Hot and Sour Gourd Soup Ingredients: Half a medium sized gourd; Catfish - 2 (or more if preferred) of medium size; (Other fish or raw/dried fish and shrimp may also be used); Fish paste - 2 tablespoons; Fish/shrimp sauce - 2 teaspoons; Onions - 2 bulbs; Chilies - 5 pods; Garlic - 2 bulbs; Turmeric - ½ teaspoon; Groundnut oil -3 ounces; Tamarind - 3 ounces; Salt -to taste. How to cook: Cut the fish into 2 -inch lengths and wash thoroughly. Marinade with salt and turmeric. Pound the dried chilies, onions and garlic together. Wash tamarind thoroughly then soak in a bowl with hot water. Cut the gourd into 2-inch strips and slice not too thinly. Wash and drain. Boil the oil in a pot until it is cooked and then put in the pounded chilies, onion and garlic and fry. When this turns brown put in fish and cut pieces of gourd a little later. Add fish paste dissolved in water. Cover and cook until the gourd is soft. Add tamarind juice and fish sauce and salt to taste. Add about two cups of water. When it has come to the boil after about five minutes the hot and sour soup is ready to serve. =

Sweet Gourd Soup. Ingredients: Gourd - a quarter of a medium sized gourd; Catfish - 2 of medium size. or 5 ounces of raw or dried prawns; Fish paste - 2 ounces; Fish or shrimp sauce - 2 ounces; Pepper - corn - half teaspoon; Garlic - 1 bulb. How to cook: Wash the fish thoroughly and grill. Bone when cooked and set aside. Peel the gourd strips and slice. Dissolve fish paste in water; crush garlic and add half of it together with ground pepper. Mix in the grilled fish with about two cups of water and cook until boiling hot. When ready to serve add the sliced gourd and the remaining amount of crushed garlic and cook for a minute or so. The sliced gourd should not be overcooked. Add more ground pepper if preferred. =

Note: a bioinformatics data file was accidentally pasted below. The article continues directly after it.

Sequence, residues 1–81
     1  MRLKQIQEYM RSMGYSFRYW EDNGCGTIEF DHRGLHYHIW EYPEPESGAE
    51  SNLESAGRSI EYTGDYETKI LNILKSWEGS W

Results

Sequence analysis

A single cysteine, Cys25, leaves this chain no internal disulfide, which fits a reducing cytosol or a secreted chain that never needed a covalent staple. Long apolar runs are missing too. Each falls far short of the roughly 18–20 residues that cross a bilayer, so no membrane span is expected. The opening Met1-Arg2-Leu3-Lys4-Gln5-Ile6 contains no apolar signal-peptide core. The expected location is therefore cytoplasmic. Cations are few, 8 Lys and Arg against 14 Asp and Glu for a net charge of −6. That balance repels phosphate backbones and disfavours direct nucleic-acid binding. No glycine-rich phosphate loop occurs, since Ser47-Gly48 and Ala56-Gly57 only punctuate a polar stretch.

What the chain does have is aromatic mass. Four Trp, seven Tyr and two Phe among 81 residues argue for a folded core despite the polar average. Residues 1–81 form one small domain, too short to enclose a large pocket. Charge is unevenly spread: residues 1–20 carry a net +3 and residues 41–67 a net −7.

Vermicelli & dried mushrooms soup (Kyarzanchet): Ingredients: 3 pcs garlic; 1 chopped onion; 5 tablespoons fish sauce; 1 tablespoon coloring chilly powder; 1 tea-sp cooking oil; 1 lb chicken; 1/4 lb mushrooms; 1/4 lb sliced fish cake; 3 quartered onions; 1 tea-sp pepper; 1/2 lb bean vermicelli (bean thread); a few green onions. How to cook: Fry the top 5 items for about 2 minutes. Add chicken, mushrooms. fish-cake, quartered onions and 2 quarts of water. Boil for 15 minutes. Add vermicelli and pepper boil for 10 minutes in low heat. Serve in bowls sprinkling green onion. =